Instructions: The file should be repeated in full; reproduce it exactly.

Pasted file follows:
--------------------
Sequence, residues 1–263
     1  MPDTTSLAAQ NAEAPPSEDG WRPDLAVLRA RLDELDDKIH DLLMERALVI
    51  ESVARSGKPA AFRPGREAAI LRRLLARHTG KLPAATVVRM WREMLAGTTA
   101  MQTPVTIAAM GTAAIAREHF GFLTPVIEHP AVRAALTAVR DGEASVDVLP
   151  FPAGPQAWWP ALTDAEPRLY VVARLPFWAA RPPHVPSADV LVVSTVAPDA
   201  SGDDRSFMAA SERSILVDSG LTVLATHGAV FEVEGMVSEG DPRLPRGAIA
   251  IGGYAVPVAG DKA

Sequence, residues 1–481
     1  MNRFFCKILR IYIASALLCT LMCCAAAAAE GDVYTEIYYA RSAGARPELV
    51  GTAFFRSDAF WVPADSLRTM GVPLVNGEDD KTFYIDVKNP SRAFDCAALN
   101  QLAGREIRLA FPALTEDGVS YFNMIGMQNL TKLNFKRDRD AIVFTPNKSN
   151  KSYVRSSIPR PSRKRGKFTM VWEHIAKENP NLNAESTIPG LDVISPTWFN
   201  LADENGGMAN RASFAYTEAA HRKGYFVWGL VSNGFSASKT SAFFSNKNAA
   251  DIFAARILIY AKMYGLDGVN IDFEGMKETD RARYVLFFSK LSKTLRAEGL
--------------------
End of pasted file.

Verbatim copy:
Sequence, residues 1–263
     1  MPDTTSLAAQ NAEAPPSEDG WRPDLAVLRA RLDELDDKIH DLLMERALVI
    51  ESVARSGKPA AFRPGREAAI LRRLLARHTG KLPAATVVRM WREMLAGTTA
   101  MQTPVTIAAM GTAAIAREHF GFLTPVIEHP AVRAALTAVR DGEASVDVLP
   151  FPAGPQAWWP ALTDAEPRLY VVARLPFWAA RPPHVPSADV LVVSTVAPDA
   201  SGDDRSFMAA SERSILVDSG LTVLATHGAV FEVEGMVSEG DPRLPRGAIA
   251  IGGYAVPVAG DKA

Sequence, residues 1–481
     1  MNRFFCKILR IYIASALLCT LMCCAAAAAE GDVYTEIYYA RSAGARPELV
    51  GTAFFRSDAF WVPADSLRTM GVPLVNGEDD KTFYIDVKNP SRAFDCAALN
   101  QLAGREIRLA FPALTEDGVS YFNMIGMQNL TKLNFKRDRD AIVFTPNKSN
   151  KSYVRSSIPR PSRKRGKFTM VWEHIAKENP NLNAESTIPG LDVISPTWFN
   201  LADENGGMAN RASFAYTEAA HRKGYFVWGL VSNGFSASKT SAFFSNKNAA
   251  DIFAARILIY AKMYGLDGVN IDFEGMKETD RARYVLFFSK LSKTLRAEGL